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Can someone please explain/help me understand the logic behind this difference between BSD grep and GNU grep? I've added carets below the matches.

$ grep --version
grep (BSD grep) 2.5.1-FreeBSD
$ cat t1 
admin:*:80:root
$ grep '\<.' t1
admin:*:80:root
^^^^^   ^^ ^^^^

versus

$ grep --version
GNU grep 2.6.3

Copyright (C) 2009 Free Software Foundation, Inc.
License GPLv3+: GNU GPL version 3 or later <http://gnu.org/licenses/gpl.html>
This is free software: you are free to change and redistribute it.
There is NO WARRANTY, to the extent permitted by law.

$ cat t1 
admin:*:80:root
$ grep '\<.' t1
admin:*:80:root
^       ^  ^   

It seems GNU grep is getting it right and BSD grep isn't. I thought \< is supposed to get the word boundary? Note grep '\<ad' t1 seems to get the same result in both versions, e.g.:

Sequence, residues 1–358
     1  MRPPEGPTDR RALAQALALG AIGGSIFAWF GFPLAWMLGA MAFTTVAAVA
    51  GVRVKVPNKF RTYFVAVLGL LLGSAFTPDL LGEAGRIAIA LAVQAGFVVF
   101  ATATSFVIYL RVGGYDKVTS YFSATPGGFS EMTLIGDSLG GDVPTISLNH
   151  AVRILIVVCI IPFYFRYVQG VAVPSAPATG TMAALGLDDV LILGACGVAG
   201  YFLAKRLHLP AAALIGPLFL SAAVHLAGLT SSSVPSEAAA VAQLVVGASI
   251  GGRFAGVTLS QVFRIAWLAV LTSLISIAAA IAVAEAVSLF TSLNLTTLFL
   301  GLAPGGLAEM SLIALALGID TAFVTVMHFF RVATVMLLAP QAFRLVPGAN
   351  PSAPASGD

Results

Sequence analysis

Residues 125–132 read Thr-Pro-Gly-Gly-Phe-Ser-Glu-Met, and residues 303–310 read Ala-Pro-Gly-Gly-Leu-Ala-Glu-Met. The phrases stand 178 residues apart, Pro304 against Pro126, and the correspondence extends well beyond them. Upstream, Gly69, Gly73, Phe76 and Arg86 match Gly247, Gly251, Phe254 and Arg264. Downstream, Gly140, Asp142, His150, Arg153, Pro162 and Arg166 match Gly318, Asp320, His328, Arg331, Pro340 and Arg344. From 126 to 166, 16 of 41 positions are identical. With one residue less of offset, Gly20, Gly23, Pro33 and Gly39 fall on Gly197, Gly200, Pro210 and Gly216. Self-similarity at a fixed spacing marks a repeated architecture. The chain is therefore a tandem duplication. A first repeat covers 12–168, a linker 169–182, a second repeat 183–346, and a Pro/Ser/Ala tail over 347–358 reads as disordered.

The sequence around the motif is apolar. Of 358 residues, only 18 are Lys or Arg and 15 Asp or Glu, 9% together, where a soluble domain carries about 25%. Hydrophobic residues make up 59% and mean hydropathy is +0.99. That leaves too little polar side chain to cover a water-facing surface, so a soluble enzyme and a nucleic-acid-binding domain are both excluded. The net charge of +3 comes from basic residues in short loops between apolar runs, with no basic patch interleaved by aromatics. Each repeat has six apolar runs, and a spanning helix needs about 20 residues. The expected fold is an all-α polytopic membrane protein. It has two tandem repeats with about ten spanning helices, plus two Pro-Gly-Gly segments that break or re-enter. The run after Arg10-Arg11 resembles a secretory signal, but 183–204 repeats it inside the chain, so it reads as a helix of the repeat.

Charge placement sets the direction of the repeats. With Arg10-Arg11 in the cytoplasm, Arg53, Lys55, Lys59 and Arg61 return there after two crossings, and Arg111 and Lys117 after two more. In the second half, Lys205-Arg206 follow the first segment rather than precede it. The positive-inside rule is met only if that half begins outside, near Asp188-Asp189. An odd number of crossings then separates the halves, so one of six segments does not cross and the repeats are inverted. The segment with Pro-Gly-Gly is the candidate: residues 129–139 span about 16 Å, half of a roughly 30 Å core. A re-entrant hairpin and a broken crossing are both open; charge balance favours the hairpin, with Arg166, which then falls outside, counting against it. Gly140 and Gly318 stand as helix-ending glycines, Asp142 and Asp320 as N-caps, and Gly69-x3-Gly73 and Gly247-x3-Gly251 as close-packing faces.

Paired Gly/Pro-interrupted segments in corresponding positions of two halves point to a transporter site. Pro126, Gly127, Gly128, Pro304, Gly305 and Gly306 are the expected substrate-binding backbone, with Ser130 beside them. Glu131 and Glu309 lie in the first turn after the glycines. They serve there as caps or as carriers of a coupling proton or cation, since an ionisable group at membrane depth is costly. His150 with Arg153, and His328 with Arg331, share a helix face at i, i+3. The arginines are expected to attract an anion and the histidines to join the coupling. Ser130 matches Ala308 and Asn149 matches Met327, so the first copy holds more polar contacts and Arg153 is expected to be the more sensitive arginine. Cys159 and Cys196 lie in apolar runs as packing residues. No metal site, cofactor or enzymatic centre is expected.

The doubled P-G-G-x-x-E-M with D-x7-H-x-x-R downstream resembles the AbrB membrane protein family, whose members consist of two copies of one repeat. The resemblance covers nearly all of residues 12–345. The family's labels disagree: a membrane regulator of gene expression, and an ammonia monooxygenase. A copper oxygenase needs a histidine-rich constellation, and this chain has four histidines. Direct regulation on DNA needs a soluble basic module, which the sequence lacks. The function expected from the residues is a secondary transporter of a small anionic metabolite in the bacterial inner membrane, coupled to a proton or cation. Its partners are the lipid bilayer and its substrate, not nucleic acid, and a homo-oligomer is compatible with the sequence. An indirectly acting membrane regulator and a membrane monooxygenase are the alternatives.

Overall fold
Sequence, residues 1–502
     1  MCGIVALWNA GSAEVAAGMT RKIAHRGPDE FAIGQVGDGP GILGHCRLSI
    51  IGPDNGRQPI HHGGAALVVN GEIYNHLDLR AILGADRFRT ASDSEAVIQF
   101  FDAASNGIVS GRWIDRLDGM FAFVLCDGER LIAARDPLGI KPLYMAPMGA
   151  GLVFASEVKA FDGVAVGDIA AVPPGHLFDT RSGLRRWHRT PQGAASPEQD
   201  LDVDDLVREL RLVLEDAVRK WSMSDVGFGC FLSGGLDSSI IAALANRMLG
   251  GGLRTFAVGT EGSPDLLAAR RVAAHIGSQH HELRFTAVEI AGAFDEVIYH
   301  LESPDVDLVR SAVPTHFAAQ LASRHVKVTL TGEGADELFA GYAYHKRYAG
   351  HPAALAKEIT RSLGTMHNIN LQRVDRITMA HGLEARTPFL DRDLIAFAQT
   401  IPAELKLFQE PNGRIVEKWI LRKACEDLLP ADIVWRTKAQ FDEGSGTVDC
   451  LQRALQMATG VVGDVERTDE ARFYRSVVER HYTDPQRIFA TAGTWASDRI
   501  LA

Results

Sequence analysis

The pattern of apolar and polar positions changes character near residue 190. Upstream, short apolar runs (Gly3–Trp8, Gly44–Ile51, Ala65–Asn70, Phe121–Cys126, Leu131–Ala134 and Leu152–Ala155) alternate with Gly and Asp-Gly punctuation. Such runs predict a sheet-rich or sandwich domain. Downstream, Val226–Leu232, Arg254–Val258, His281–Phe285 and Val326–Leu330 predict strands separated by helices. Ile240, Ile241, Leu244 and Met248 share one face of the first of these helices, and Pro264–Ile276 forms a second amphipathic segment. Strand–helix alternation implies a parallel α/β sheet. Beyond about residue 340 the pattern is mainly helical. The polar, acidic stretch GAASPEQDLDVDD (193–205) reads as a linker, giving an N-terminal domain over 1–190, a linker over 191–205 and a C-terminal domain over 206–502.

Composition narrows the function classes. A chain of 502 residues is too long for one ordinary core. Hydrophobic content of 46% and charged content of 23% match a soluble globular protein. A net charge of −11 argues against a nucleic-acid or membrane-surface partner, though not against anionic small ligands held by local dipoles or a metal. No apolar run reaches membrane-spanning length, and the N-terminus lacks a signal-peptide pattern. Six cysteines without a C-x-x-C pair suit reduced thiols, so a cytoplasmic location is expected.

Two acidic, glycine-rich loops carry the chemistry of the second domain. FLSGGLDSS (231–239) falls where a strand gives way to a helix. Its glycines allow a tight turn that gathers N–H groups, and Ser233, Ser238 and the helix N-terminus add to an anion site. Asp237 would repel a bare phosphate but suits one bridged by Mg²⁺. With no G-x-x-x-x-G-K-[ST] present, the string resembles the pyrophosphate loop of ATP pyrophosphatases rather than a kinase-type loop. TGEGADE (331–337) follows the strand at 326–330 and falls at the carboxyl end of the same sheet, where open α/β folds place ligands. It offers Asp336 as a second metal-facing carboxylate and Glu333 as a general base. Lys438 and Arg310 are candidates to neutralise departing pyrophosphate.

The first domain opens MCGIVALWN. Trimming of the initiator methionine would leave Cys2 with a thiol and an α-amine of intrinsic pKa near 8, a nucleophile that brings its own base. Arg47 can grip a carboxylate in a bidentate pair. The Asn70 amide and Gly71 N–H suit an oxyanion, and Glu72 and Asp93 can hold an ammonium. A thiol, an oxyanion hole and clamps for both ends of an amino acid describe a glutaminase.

$ cat t2
admin:*:80:root
sadmin:*:81:root
$ grep '\<ad' t2
admin:*:80:root
^^

What gives?

Thanks in advance.

Richard

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1 Answer 1

up vote 1 down vote accepted

Using \> to specify word boundary wouldn't work for BSD grep. Try [[:<:]] instead.

This post gives pretty useful information on word boundaries for various utilities.

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"It's long been a pet peeve of mine that regexp matching for word boundaries has an annoying dependency on the implementation." For real. –  Exit42 Aug 7 '13 at 4:05

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